Contention 1, Sub C:

1. Well, since my opponent specifically asked me for an LD-style debate, one would assume that he would expect me to write an actual LD case. Hence, I went to print sources for my cards, and did not just use websites. In LD debate, the name of the professional tends to be sufficient. However, if my opponent will give me approximately 14 hours, I can get him the MLA citation for the Parks material (the cards are at school).

2.The fact that I don't give a weblink is not a reason to drop all of the analysis I put on Subpoint C, which were essentially the impacts of the contention. Since my opponent concedes these impacts, please extend the fact that a lack of immunization causes huge and unnecessary losses in human life. This will become an independent reason to affirm, as I am meeting my standards right here, and achieving more good than my opponent can.

Contention 2:

1. As directly quoted from the same article: "It is not yet known whether Natalie had an extreme - and very rare - reaction to a standard vaccine, or whether the particular dose she was given was from a rogue contaminated batch." Natalie's reaction is characterized by the investigators as incredibly rare and extreme. My opponent is basically using hyperbolic "disaster porn" as a direct appeal to pathos, rather than actually answering my warrants, which clearly outline vaccines, in vast majority, as not only safe but highly effective at preventing the loss of human life.

2.Please extend all of the warrants and analysis coming out of Contention 2. Not only do I prove that vaccines present incredibly little danger to the individual, but I also prove that, when large populations are immunized, we not only have the ability to eradicate diseases via herd immunity, but we also protect those who cannot receive vaccines due to medical exemptions. Hence, I am clearly saving far more lives than my opponent.

Negative Case:

Though my opponent provided a summarizing section to RD 3, he didn't actually refute any of the arguments that I put on his case. Since he has no remaining offense at this point, considering the standards debate at the top of this round, I can confidently say that I believe I have affirmed the resolution.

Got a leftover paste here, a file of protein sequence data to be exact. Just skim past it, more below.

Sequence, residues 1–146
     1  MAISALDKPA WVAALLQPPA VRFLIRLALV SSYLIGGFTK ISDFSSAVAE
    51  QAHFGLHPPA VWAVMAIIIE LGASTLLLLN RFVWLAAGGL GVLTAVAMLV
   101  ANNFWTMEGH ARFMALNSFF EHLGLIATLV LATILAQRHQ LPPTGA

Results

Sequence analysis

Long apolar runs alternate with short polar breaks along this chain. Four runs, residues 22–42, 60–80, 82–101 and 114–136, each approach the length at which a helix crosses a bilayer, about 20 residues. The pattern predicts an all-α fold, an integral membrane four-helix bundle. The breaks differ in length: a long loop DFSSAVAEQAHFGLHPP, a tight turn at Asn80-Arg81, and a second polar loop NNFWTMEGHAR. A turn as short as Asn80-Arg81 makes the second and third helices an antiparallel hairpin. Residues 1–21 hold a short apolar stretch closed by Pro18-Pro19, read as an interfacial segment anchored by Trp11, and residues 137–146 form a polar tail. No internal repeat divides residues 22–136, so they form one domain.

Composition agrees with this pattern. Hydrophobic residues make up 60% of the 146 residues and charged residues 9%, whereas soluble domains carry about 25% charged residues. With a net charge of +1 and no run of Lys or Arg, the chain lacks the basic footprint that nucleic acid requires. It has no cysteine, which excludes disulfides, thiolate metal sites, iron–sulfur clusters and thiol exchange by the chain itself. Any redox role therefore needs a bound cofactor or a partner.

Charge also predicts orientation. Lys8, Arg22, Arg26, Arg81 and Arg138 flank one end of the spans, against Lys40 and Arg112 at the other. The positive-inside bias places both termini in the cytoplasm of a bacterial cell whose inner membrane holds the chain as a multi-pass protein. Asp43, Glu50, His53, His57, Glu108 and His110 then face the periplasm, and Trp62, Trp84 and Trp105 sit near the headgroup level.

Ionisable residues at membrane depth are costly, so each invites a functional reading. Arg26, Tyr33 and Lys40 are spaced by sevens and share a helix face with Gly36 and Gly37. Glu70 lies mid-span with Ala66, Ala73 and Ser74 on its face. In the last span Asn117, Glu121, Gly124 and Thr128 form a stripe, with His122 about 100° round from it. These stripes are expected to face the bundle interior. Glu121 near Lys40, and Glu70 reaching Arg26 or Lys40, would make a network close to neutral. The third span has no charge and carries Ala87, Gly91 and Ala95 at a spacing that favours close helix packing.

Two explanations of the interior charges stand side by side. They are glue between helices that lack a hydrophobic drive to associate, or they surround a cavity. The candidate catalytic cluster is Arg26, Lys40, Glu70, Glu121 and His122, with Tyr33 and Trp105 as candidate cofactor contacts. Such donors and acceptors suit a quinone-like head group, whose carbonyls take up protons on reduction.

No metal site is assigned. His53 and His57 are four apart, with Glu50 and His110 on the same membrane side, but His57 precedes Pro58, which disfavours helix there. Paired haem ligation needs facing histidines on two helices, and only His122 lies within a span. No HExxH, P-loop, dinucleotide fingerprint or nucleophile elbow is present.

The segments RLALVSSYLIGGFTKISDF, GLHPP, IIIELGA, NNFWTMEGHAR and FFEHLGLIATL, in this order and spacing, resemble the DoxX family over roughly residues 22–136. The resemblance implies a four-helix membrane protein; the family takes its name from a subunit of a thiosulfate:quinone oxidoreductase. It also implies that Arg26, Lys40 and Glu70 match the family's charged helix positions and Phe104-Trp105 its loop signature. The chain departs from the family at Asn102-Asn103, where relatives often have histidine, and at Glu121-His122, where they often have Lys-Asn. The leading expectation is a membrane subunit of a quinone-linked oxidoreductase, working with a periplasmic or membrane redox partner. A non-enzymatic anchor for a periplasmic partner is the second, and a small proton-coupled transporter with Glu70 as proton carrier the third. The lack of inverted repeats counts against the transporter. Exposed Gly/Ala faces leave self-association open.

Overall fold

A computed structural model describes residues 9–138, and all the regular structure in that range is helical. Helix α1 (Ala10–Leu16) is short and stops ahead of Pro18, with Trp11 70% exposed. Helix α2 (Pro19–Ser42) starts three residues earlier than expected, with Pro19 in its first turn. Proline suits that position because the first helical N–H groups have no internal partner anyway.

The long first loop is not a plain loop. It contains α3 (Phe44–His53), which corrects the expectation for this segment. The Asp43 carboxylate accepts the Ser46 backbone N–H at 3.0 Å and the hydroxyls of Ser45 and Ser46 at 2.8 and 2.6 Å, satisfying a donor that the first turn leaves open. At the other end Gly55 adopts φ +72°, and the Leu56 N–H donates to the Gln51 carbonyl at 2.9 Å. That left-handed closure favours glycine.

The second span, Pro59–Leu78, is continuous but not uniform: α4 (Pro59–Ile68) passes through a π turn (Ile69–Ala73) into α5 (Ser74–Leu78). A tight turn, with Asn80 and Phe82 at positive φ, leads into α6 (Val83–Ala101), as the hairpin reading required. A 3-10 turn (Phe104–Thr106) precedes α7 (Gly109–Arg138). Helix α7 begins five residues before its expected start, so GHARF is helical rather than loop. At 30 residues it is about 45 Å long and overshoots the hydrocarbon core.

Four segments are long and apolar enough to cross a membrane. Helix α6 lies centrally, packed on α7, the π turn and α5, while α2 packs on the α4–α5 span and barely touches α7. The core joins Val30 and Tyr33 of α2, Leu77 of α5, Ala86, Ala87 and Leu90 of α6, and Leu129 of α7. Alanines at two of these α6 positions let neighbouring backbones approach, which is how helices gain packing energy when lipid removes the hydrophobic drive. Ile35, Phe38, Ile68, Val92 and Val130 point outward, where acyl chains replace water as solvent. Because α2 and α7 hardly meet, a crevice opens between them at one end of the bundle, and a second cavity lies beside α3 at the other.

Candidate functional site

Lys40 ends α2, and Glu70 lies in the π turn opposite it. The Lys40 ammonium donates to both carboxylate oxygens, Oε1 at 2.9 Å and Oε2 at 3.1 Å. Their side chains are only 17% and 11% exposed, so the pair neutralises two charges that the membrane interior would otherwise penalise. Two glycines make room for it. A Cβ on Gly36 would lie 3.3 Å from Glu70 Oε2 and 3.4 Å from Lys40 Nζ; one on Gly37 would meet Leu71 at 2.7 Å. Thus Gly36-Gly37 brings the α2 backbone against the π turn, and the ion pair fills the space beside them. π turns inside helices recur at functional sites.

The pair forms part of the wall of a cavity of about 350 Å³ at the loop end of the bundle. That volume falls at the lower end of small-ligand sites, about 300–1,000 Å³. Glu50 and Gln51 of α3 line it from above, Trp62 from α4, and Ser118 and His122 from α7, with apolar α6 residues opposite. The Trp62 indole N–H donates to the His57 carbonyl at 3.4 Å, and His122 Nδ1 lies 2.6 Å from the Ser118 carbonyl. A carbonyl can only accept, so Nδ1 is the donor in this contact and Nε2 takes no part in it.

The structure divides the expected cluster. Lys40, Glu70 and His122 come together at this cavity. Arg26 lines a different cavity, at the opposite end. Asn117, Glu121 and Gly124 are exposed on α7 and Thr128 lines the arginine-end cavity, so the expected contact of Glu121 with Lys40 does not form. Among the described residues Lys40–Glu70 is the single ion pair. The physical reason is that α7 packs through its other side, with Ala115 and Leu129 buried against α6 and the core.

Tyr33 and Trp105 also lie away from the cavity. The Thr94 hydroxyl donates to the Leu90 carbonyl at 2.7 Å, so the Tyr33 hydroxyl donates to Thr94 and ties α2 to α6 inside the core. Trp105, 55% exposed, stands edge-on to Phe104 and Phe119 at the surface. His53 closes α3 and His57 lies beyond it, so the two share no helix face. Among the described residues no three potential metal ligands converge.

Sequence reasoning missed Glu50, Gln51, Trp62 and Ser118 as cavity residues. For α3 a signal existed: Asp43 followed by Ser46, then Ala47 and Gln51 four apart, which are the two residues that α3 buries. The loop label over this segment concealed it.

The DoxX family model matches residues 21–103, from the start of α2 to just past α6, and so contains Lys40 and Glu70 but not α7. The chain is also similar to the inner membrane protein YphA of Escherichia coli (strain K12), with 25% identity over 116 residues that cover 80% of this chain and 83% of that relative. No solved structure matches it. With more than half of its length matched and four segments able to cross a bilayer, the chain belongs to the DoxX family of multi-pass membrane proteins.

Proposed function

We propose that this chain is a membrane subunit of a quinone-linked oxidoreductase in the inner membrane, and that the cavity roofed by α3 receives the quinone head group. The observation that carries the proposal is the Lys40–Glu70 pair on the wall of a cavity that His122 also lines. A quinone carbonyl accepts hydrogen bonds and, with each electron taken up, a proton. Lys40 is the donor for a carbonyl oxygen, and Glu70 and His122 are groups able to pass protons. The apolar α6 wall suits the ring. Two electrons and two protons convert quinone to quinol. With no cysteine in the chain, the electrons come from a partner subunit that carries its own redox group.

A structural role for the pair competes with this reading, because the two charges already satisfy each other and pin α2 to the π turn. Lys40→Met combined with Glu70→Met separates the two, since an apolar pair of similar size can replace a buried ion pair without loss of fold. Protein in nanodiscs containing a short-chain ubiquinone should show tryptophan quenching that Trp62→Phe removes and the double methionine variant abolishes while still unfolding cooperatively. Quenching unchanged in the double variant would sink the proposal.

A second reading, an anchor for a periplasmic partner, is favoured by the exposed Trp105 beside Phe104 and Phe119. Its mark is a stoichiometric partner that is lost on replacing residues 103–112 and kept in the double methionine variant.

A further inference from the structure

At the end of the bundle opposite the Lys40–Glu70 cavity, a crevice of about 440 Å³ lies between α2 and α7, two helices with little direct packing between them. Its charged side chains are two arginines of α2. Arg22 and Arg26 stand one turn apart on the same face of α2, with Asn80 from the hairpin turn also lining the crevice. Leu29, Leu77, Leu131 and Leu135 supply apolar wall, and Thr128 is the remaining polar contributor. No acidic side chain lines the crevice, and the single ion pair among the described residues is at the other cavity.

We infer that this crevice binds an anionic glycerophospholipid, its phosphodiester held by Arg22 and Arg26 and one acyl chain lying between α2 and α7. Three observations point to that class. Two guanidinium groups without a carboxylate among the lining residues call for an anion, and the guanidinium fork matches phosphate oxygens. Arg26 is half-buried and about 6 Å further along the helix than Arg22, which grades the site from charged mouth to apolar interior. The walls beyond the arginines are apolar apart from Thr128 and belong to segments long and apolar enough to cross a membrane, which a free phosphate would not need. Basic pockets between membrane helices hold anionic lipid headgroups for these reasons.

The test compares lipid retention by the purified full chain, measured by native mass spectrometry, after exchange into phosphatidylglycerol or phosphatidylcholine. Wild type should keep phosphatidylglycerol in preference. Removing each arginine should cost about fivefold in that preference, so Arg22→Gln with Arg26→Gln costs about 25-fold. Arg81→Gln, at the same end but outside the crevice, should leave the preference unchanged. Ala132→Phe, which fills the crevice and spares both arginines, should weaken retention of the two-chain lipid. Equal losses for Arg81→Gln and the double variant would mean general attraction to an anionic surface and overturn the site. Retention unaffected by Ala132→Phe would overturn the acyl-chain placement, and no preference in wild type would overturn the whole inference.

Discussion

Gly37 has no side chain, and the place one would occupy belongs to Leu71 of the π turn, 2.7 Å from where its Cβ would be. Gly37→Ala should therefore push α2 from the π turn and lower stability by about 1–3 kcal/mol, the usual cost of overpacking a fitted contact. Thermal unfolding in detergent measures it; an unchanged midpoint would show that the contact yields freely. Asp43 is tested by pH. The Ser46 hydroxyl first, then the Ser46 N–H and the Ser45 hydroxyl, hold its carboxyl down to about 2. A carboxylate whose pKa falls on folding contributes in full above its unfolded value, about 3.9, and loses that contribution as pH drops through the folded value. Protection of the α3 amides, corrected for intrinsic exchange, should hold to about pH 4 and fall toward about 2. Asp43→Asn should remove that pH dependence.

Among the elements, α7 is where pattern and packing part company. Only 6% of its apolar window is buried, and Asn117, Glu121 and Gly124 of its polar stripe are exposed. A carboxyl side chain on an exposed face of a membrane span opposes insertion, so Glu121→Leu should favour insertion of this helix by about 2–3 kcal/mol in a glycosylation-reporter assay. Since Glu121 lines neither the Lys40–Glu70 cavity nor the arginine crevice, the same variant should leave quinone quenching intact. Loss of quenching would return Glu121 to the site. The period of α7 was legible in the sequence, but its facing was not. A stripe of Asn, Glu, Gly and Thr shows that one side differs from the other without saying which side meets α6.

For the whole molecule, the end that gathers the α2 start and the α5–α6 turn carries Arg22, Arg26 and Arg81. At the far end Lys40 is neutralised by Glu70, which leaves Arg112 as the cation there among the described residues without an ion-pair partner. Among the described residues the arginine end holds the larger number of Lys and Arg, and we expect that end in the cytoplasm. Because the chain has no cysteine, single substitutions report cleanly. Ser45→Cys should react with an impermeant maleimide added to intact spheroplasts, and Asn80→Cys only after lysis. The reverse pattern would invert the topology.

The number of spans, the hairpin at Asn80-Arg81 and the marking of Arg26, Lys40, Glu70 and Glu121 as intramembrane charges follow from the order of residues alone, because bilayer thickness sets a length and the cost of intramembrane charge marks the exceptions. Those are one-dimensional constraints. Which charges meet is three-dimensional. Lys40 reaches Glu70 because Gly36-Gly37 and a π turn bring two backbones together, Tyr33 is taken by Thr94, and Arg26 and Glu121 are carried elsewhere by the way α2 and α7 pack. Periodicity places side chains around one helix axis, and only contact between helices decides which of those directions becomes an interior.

Debate Round No. 3



I wish to offer Dani a special thanks and please, no worries about using the available time. That's why it is there :o)

INTRO:According to my opponent, and quite possibly a majority of the readers of this DDO topic, I have already lost. That would leave me with several options. I could start throwing spaghetti against the wall and hope some of it sticks. I could gracefully bow out. I could play the bench and take a knee to run out the clock. The competitive side of me wants to keep running plays regardless of the scoreboard. I remind myself that I am here to learn which will make both me and my team better in the long run.

1. Since we have both presented legitimate definitions of liberty, it's safe to say that piece is a stalemate.

2. Further, the CON/NEG is willing to stipulate that immunizations are generally safe if the PRO/AFF is willing to stipulate that there have indeed been numerous instances of reaction to immunization, and in seldom circumstances, death. This woulkd effectly offset this piece.

3. Also, if we agree to eliminate all of the other machts nichts food fight items, we only have the one real question remaining. The question of whether it is justified to make vaccinations compulsory under law.

With the large number of people who voluntarily receive immunizations, we can and do create an herd effect without making it mandatory. Aside from school requirements, it isn't mandatory now, and we have good results. Of course it could be better, which is why many physicians endorse and promote immunization. It is possible to achieve an even higher level of immunity without taking away yet another freedom. Thank you!


I thank my opponent for this spirited debate, and am looking forward to debating and conversing with him in the future. As he has done, I will just provide some voting issues in the round, rather than making any new arguments.

1. Liberty vs. liberty: though my opponent attempts to call this argument a wash at last, I will extend all of my responses in RD 4 which sought to validate my analysis on the concept of liberty as the only valid conceptualization of it in the round. Not only did I warrant the heck out of that argument, but I invalidated his definition legally and logically, since his provided "" definition leads to a state of nature existence. Hence, you are going to prefer my analysis here. If you do, then compulsory immunizations are justified, as being able to immunize everyone in the population (excepting those with medical exemptions) from a given disease will achieve herd immunity, which will in turn maximize natural rights.